It is quite evident that a true knowledge and understanding of the spirituality of God's blessed word is what was under consideration. God has been pleased to hide these things from the wise and prudent of this world and reveal them unto babes in Christ, and the only reason given is because it seemed good in his sight. How true it was that God knew the works of this church, as well as all the rest, whether good or bad, for he searcheth the heart and trieth the reins of all. God had greatly blessed the Philadelphia church with his love, against which there can be no law, and he declared he had set before her an open door, "and no man can shut it." The things of the gospel were, perhaps, more fully known and practiced by this church than any of the rest, and since the gospel is declared to be "the power of God unto salvation to everyone that believeth," when his servants are endowed with power from on high and are given liberty to proclaim it in demonstration of the Spirit, every heart to whom it is directed by the Holy Ghost is bound to hear it, and all the world combined cannot prevent that still small voice from penetrating and entering wheresoever God is pleased to send it. We often think of the great wonder of the radio, and how messages can be tossed about, to and fro, almost momentarily, from the four corners of the earth, but, marvelous as this is, it cannot begin to compare with God's system of communicating with his people; And there is no such thing as static or interference of any kind when the God of heaven speaks, for he "openeth, and no man shutteth." We frankly confess that we do not fully understand the significance of the phrase in our text "for thou hast a little strength", unless it is to show that even the Philadelphia church was not perfect in every sense of the word. In answer to Paul's petition to remove the "thorn, in the flesh" that was given him, God said "my strength is made perfect in weakness." We therefore, conclude that as long as the Philadelphia church had a litt1e strength of her own that she was not absolutely perfect. How could she be if, indeed, she was to typify the experiences of other churches in the gospel age. Nevertheless it was declared concerning her she "hast kept my word, and hast not denied my name." What a marvelous example for the churches in this age to try to follow! The inspired writer then went on to say, "Behold, I will make them of the synagogue of Satan, which say they are Jews, and are not," but do lie; behold, I will make them to come and worship before thy feet and to know that 1 have loved thee." What a great contrast is shown here between the true and the false. To the true he says, "Because thou hast kept the word of my patience, I also will keep thee from the hour of temptation, Which shall come upon all the world, to try them that dwell upon the earth. Behold, I come quickly: hold that fast which thou hast, that no man take thy crown. Him that overcometh will I make a pillar in the temple of my God, and he shall go no more out: and I will write upon him the name of my God, and; the name of the city of my God, and I will write upon him my new name." Then follows that refrain which is found in all of the messages, "He that hath an ear, let him hear what the Spirit saith unto the churches."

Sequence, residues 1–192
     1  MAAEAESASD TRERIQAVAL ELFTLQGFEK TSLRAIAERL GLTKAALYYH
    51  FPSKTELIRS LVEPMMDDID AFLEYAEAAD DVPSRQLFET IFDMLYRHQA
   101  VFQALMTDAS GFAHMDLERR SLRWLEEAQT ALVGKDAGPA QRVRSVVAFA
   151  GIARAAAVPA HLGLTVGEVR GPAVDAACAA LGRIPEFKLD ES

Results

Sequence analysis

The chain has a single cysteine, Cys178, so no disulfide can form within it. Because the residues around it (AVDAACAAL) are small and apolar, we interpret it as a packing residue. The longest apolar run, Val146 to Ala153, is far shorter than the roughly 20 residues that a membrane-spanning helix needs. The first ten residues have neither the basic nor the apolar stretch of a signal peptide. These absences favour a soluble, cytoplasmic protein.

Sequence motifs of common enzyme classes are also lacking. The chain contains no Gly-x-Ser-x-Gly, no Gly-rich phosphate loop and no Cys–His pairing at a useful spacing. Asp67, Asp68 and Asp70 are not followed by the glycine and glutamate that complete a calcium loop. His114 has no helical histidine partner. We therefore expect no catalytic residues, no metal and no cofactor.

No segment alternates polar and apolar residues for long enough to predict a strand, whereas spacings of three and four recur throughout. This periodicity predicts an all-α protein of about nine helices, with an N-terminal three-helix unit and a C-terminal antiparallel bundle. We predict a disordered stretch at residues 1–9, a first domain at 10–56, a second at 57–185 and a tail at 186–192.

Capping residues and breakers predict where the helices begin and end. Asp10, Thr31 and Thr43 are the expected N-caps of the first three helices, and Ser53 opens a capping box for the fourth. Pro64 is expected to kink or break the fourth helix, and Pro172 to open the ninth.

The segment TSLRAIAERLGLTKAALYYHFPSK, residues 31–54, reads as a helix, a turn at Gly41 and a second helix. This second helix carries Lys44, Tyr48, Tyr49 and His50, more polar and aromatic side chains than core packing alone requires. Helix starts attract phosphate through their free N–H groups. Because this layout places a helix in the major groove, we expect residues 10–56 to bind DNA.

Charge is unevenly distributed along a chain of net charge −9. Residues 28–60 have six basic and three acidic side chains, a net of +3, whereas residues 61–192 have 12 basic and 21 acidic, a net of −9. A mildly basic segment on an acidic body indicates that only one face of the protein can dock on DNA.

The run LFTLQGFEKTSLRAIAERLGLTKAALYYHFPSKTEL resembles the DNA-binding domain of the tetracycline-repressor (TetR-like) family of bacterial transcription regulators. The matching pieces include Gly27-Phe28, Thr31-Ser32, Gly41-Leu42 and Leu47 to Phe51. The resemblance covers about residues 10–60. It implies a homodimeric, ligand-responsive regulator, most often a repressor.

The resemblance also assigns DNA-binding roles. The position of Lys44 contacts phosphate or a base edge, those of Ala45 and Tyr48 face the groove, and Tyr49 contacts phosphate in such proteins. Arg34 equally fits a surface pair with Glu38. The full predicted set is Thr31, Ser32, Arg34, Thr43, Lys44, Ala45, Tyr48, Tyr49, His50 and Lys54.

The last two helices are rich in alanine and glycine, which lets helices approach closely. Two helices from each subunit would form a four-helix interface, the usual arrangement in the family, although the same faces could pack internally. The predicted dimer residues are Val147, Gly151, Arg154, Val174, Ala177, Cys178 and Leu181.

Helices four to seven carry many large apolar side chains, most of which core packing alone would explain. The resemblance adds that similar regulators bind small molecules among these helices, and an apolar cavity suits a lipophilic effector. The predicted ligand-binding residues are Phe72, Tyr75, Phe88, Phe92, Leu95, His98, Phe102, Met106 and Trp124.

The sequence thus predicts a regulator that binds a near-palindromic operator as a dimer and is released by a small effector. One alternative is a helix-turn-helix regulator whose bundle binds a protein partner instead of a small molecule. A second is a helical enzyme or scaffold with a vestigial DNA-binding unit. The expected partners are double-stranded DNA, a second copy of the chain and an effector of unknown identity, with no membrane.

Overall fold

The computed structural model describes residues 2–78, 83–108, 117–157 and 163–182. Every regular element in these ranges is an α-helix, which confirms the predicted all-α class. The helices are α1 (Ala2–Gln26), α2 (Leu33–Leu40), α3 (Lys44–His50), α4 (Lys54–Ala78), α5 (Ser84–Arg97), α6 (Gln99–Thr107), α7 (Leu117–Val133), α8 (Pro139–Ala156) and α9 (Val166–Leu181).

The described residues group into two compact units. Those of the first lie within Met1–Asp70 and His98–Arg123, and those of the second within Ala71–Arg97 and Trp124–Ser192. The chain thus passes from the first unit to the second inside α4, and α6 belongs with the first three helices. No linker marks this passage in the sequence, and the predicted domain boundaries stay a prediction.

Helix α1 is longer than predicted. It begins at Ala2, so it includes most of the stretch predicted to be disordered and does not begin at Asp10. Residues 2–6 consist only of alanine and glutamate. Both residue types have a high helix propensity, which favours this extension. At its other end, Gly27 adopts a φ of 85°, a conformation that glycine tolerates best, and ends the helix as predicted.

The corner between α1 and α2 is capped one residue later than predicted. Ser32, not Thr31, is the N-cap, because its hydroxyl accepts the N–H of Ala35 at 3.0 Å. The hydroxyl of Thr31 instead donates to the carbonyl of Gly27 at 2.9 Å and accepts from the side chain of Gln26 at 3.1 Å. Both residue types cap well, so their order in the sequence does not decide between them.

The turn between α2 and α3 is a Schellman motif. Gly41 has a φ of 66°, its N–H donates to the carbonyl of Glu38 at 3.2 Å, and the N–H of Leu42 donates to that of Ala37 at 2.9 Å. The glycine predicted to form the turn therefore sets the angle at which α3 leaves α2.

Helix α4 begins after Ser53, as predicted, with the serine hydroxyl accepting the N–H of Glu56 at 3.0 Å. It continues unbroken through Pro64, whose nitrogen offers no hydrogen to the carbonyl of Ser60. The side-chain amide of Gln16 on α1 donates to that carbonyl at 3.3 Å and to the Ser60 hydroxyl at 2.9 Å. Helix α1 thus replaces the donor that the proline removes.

Having put the Philadelphia church upon the pinacle of beauty, grandeur and glory, so to speak, John in his message which follows to the Laodicean church, gives an example of just the opposite, for the charges which were brought against this church were the worst and most serious of all. As a weighty admonition to all to whom they may apply we quote the divine record in full for them to ponder over, as follows: "And unto the angel of the church of the Laodiceans write; These things saith the Amen, the faithful and true witness, the beginning of the creation of God; I know thy works, that thou art neither cold nor hot: I would than wert cold or hot. So then because thou art lukewarm, and neither cold nor hot, I will spue thee out of my mouth. Because thou sayest, I am rich, and increased with goods, and have need of nothing; and knowest not that thou art wretched, and miserable, and poor, and blind, and naked: I counsel thee to buy of me gold tried in the fire, that thou mayest be rich; and white raiment, that thou mayest be clothed, and that the shame of thy nakedness do not appear; and anoint thine eyes with eye-salve, that thou mayest see." How infinite and sublime must be the love which God bears toward his people, for notwithstanding the terrible condition the Laodicean church was in, we hear him saying, "As many as I love, I rebuke and chasten: be zealous therefore, and repent. Behold, I stand at the door, and knock: if any man hear my voice, and open the door, I will come in to him, and will sup with him, and he with me. To him that overcometh will I grant to sit with me in my throne, even as I also overcame, and am set down with my Father in his throne." By way of emphasizing again the importance of realizing to whom these things are addressed and apply, we once more quote the refrain which follows all of the messages: "He that hath an ear, let him hear what the Spirit saith unto the churches."

We offer the foregoing thoughts, to our readers for their consideration in the hope that our heavenly Father may be pleased to bless them to their comfort and edification, and may his blessed and holy name have everlasting praise.

Signs of the Times
Volume 114, No. 2
February, 1946